March 24, 2008
DHS re-affirms its implementation of the SSA no-match rule WITHOUT CHANGE!
Joint Announcement by:
National Korean American Service & Education Consortium (NAKASEC)
Korean American Resource & Cultural Center, Chicago
Korean Resource Center, Los Angeles
YKASEC – Empowering the Korean American Community, Flushing
On March 21, 2008, the U.S. Dept. of Homeland Security (DHS) released a supplemental proposed rule that purports to clarify its August 2007 final rule that would use the Social Security no-match records as a tool for immigration enforcement. The final rule will be published in the Federal Register sometime this week with a 30 day public comment period. Implementation of the August 2007 rule was preliminarily enjoined by the Northern District of California on October 10, 2007 based on court’s findings that i) DHS failed to show a reasoned analysis to justify the use of receipt of a no-match letter to impart “constructive knowledge,” ii) DHS exceeded its authority by offering employers “safe harbor” from government discrimination claims so long as they followed the procedures outlined in the rule, and iii) DHS violated the Regulatory Flexibility Act by not conducting a final flexibility analysis concerning the impact of the rule on small businesses before implementing the rule.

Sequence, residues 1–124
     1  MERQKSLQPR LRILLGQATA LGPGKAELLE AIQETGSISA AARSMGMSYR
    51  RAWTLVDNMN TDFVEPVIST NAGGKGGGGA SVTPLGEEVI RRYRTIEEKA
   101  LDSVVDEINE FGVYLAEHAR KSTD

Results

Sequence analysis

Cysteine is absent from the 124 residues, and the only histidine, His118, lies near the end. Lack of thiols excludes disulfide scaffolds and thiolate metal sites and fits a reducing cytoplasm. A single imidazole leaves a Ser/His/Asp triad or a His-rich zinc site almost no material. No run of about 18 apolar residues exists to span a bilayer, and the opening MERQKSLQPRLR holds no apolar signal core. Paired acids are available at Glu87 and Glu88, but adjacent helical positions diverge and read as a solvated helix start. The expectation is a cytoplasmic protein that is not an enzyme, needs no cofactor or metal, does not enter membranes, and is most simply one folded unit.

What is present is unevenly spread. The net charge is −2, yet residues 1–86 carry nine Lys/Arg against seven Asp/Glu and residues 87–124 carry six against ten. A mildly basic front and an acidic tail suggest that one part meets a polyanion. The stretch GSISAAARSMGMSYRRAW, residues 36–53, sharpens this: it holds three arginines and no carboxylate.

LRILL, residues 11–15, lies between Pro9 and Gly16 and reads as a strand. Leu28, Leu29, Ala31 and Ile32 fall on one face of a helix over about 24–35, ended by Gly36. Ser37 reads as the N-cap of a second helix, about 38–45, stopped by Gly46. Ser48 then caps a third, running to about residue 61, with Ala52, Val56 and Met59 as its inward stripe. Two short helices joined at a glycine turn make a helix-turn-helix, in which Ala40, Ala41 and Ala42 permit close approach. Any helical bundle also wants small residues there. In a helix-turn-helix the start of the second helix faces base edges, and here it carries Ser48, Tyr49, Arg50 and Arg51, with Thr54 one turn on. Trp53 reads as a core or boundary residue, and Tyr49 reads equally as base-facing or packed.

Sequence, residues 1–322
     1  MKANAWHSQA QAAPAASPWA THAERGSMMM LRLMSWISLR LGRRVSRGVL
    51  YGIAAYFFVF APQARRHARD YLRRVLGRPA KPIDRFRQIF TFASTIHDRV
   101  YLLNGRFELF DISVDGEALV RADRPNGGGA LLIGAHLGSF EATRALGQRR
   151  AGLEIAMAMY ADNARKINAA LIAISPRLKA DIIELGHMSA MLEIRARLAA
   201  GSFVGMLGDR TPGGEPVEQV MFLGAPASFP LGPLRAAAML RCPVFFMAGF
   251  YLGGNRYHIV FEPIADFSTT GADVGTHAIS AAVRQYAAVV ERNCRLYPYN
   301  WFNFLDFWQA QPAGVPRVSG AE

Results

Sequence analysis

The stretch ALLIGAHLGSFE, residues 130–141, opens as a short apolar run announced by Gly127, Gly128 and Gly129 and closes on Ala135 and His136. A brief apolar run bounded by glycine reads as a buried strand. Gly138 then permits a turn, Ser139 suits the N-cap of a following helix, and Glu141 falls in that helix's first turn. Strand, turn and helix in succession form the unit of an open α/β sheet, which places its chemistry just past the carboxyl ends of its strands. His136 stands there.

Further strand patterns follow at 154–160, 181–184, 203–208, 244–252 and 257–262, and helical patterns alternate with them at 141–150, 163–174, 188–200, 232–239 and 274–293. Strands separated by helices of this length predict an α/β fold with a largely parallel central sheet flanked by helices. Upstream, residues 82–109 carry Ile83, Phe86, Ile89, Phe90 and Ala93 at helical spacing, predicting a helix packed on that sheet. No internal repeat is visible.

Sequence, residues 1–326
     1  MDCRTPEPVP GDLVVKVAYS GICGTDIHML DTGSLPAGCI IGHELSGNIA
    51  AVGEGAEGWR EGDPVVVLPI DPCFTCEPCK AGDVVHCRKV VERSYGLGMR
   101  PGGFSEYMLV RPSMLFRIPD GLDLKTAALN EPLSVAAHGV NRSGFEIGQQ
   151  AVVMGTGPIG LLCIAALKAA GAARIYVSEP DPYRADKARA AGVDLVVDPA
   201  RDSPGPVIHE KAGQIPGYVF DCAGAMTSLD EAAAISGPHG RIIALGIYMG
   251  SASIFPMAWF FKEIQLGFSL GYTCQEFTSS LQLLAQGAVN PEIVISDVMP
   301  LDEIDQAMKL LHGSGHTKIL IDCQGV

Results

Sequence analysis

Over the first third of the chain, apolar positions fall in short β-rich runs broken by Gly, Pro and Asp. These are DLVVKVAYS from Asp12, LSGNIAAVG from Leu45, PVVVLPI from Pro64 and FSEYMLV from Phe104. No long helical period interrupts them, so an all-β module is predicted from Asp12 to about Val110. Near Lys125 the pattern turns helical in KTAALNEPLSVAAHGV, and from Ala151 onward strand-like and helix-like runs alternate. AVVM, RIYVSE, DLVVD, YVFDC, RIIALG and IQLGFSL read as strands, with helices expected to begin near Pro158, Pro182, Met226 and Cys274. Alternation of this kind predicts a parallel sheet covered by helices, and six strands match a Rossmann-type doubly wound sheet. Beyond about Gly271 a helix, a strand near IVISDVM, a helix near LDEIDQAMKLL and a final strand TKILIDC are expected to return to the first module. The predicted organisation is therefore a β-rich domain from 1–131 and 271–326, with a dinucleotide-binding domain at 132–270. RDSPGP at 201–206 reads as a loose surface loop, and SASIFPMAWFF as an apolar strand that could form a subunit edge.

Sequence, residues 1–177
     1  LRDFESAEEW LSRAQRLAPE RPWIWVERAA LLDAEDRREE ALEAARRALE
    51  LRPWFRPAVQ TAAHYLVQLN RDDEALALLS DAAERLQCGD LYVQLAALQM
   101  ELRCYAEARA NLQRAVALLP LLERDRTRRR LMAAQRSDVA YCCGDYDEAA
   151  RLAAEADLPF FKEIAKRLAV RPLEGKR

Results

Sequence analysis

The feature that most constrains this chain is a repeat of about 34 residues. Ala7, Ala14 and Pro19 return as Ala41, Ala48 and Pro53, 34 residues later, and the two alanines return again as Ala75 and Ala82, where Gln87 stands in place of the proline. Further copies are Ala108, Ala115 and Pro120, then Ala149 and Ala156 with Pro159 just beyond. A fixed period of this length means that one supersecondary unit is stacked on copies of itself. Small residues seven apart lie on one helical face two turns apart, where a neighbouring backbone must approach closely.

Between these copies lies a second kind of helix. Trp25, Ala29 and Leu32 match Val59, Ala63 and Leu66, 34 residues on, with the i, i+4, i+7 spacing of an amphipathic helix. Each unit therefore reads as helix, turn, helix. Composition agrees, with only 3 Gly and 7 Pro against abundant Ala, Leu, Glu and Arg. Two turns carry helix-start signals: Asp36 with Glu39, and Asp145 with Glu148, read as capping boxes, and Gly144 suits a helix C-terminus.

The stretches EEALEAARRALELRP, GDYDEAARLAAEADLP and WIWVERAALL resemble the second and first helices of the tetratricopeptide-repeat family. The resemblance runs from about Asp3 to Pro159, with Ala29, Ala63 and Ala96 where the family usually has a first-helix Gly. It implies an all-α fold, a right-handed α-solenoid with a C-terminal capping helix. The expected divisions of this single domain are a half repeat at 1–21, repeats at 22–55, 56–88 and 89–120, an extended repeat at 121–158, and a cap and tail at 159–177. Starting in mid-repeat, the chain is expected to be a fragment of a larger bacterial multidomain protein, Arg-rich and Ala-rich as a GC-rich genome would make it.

Despite the legal setbacks, the supplemental proposed rule provides that the department intends to “repromulgate, without change,” the 2007 final rule that was halted by the court. The supplemental rule only offers a lengthy defense to legal issues and undoubtedly fails to redress real concerns raised by the court and public that the rule would hurt U.S. citizens and lawful workers.
The threats of no-match letters remain the same. The rule will contribute to widespread cases of racial profiling, discrimination and unjust termination of authorized workers. The U.S. economy will be devastated by pushing over 7 million undocumented workers further underground and creating an unregulated cash economy.
Following DHS’ re-affirmation of its implementation of the SSA no-match rule, the Ninth Circuit will review and decide on the legality of the preliminary injunction. To put pressure on DHS and Social Security Administration and stop the no-match rule, NAKASEC and its affiliates will pursue effective legislative and administrative advocacy efforts with other grassroots organizations throughout the nation. Also in response to the rule, we will continue to collaborate in collecting stories of Korean American workers who have been adversely affected by the no-match letters and will submit written comments to DHS.